Monday, August 3, 2015


I would think that for an academic blog (which this one isn't) that the actual post would be the most important part of the blog. When comments are allowed (not all blogs allow them) the comments would be secondary. One would know the ethos and direction of the blog by its original content which is controlled by the blogger administrator.

Comments would reflect a diversity of opinion and not necessarily that of the blogger. Comments need moderation as people get into it with each other. There needs to be civility. But the comments are not the most important part of a blog although they might be the most interesting. The original post on which comments are made is the most important.

Praytell blog has had a survey about its blog and it might change some of its content to either go to the center (it certainly isn't now) more to the left, which would be a disaster, or a bit to the right.

They can control their posts and should be able to do what they want. But  they are dismissive of many legitmate comments because they are irked at the fact that in 2007 Pope Benedict brought a change to the Church, not as dramatic as the Second Vatican Council's changes, but a big change nonetheless. They are like pre-Vatican II Catholics who can't cope with change in the Post Vatican II period. The change you ask? He allowed unbridled celebrations of the Mass as was normative prior to the Council.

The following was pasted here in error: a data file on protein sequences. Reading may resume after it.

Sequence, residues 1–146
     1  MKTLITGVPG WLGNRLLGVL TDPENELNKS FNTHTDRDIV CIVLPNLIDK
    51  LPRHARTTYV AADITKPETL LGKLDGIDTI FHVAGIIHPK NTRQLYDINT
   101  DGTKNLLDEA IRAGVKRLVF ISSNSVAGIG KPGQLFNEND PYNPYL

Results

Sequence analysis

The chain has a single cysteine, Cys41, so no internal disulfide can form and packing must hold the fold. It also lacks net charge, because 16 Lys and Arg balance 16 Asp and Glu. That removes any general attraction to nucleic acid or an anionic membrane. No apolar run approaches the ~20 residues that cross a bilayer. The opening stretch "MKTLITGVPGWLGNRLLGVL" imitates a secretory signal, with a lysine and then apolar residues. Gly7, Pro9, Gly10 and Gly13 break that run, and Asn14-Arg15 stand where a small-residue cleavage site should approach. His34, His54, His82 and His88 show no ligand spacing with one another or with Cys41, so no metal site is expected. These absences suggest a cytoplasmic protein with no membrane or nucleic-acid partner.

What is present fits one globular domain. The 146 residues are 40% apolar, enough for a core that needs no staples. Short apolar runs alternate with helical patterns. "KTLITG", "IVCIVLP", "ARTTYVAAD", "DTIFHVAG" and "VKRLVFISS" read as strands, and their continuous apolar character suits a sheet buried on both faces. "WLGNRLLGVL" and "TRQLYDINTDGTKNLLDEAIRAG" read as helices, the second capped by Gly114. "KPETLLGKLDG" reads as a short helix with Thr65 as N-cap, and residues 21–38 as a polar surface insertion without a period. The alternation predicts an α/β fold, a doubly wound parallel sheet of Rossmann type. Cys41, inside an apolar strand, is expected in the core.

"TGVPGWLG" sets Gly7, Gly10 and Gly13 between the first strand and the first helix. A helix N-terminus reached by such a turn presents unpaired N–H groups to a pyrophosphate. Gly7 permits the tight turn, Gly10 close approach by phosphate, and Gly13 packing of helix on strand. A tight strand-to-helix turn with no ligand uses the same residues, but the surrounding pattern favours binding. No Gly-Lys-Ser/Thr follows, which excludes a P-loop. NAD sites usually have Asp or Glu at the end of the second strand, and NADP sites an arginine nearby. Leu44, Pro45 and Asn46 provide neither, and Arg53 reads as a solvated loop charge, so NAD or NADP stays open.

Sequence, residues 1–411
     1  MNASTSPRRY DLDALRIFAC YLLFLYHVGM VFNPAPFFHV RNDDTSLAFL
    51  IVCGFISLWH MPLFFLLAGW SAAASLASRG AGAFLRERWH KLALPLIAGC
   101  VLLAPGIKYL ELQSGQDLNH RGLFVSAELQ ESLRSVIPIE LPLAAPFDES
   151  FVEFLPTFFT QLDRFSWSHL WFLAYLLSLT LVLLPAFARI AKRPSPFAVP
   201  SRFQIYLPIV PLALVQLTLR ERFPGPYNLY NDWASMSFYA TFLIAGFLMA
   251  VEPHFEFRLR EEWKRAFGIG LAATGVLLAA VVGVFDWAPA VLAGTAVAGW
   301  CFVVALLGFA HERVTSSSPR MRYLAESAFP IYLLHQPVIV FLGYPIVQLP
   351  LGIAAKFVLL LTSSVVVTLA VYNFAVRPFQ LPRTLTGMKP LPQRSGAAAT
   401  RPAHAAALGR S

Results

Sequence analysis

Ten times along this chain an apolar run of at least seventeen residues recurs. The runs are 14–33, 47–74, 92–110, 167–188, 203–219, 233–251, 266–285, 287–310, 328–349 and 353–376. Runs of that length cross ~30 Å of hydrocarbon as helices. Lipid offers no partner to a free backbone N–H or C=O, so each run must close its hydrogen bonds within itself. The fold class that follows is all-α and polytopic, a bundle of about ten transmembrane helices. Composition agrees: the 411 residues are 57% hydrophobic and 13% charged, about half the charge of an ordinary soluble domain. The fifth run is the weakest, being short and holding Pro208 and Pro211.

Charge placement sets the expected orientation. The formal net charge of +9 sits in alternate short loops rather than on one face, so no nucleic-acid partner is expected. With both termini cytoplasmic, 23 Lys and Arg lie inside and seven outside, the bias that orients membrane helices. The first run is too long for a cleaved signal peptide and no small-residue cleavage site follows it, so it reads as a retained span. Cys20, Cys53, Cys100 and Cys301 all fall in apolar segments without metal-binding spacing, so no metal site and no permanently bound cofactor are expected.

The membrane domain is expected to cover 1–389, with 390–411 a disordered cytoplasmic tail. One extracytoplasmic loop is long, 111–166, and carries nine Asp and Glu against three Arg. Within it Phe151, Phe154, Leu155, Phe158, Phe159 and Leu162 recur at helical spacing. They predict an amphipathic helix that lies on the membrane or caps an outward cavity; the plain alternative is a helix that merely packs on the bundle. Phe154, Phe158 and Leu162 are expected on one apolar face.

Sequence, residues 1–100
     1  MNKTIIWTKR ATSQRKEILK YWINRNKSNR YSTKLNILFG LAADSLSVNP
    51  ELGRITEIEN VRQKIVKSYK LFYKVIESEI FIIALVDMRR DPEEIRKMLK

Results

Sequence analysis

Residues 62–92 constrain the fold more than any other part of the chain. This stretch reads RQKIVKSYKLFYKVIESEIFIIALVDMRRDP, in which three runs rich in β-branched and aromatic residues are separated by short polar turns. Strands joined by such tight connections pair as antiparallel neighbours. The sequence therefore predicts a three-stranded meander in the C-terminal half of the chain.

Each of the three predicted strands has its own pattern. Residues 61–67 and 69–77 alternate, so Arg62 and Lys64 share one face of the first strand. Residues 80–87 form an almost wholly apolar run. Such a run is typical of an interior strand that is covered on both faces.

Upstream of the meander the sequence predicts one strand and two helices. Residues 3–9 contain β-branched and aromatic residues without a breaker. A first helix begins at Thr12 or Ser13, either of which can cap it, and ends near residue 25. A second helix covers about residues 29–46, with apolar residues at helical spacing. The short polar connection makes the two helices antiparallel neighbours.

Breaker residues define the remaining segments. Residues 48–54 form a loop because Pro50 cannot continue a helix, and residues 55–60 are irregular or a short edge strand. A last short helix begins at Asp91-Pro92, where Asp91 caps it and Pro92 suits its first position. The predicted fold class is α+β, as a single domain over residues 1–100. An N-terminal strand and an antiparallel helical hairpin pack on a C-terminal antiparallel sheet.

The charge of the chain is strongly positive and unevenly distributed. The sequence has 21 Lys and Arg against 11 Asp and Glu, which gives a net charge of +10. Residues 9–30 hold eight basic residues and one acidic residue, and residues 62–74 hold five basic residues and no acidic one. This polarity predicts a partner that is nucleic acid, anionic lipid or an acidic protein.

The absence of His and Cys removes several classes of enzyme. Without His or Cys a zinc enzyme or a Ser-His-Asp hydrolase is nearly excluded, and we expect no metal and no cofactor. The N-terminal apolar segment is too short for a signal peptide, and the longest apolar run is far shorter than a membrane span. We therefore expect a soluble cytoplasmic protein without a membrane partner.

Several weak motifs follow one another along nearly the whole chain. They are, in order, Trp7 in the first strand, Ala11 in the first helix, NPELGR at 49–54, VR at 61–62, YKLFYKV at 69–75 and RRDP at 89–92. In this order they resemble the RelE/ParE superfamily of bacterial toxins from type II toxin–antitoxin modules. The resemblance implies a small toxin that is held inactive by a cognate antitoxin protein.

Silly progressives and let's call them this, who deride conservatives who can't cope with post-Vatican II changes in the Church (I'm speaking of the authoritative legitimate ones, not the silly innovations and abuses after Vatican II) are in the same boat with those they deride. They can't cope with the change that today the normative post-Vatican II Mass is a companion to the normative pre-Vatican II Mass although today called extraordinary, but allowed freely nonetheless.  Praytell projects onto those they deride the same disease they have. Former PI is a prime example of this in a single person.